It's that day again.
For me, it's the most solemn and somber day of the year. My life basically comes to a stop, and everything, including my passionate support for the Red Sox, takes a back seat. It's a day that affects all Americans, in one way or another. Just say those two words, and it instantly conjures up visions and memories of the worst day in our long history.
I will be at the site, known as "Ground Zero" or "The Pit" for the seventh anniversary remembrance on Thursday morning. Like last year, the ceremonies will be held in Zuccotti Park, on the corner of Church and Liberty Streets, across from the southeast corner where the World Trade Center once stood. For me and my friend Deborah, it is an obligation to be there, to remember our friend Joyce.
There will be a few thousand family members at the ceremonies on Thursday, and this will also be the final time we will be permitted to descend into the site, to leave roses, mementoes and prayers for those 2,751 brave souls who perished seven years ago. I honestly thought that last year would be the last time, as very little room was available in the site. The construction had finally picked up in recent months, and I thought we couldn't do it this year. But I was surprised back in July when the city announced that it would happen again this year. But this should definitely be the last time, so it should be an even more emotional day, especially for those of us who've descended down into the site for every remembrance since 2002.
When I was a kid, early September always filled me with a lot of dread. The new school year was coming, and I enjoyed the vacations so much that I hated returning to school. Now, early September also fills me with a different kind of dread. It's extremely difficult to be at Ground Zero every September, seeing loved ones of the 9/11 victims breaking down. Being on the site of the most catastrophic event in our country's history, where a dear friend of mine's life ended. It never gets easier, but I feel there is only one place in the world I can be on that day. As the days get closer to each anniversary, I try to immerse myself in things like the Red Sox playoff chase, the opening of the NFL season, writing trivia for my weekly contest at Professor Thom's, that sort of thing. But the 9/11 remembrance is always like the 800-pound elephant in the room. It's there and sooner or later you have to deal with it.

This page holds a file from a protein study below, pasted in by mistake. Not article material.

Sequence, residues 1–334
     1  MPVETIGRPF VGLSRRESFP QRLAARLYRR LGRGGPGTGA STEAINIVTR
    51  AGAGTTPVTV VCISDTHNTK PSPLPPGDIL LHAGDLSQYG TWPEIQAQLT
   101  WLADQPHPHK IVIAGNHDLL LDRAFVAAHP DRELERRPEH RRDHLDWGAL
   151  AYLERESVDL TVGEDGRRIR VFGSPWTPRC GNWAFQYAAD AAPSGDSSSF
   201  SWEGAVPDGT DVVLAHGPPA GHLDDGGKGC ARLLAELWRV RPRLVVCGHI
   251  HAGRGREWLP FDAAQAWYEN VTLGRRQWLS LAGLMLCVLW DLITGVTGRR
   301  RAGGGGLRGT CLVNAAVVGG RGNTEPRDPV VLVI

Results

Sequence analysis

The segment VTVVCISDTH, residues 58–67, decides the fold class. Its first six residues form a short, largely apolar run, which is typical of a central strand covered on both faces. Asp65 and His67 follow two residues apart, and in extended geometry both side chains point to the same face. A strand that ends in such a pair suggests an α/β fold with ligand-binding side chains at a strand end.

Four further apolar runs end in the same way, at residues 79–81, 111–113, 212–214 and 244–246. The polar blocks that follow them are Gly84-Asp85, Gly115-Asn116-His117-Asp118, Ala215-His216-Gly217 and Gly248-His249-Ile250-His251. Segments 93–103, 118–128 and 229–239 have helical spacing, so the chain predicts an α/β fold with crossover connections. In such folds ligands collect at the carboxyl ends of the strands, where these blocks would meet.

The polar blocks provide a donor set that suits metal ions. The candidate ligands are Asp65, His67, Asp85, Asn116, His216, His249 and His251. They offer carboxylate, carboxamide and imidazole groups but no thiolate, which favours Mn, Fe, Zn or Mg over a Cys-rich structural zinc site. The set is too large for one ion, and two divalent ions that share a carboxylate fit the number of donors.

So, on Thursday morning, I will. We will remember fondly my friend Joyce and all those others beautiful souls who lost their lives seven years ago. We'll remember the good times as well as the tragic day. I always smile when I think of Joyce: a beautiful spirit who cared about her family and friends, and was taken from this life too soon. She is missed by everyone whose life she touched.
For those of you who haven't seen my two previous tributes on this site, here they are.
September 11, 2007
September 11, 2006
I also include two videos here. One from Bruce Springsteen, with his song "My City of Ruin," which is a touching tribute to all the WTC victims. And also, "Twisted Steel" by Ian Hunter. He is married to Joyce's cousin, and dedicates this song to her every time he plays it.
I included that short speech by Bruce Weitz from the TV show "Third Watch" as the "Words to Live By" on my blog over the next few days. It was from a show called "233 Days" when a firefighter who was killed on September 11 is found among the ruins and his funeral takes place. It was a very touching way to conclude the show. Especially the final line: "We can be the ones who remember."
We must always remember. And Never Forget.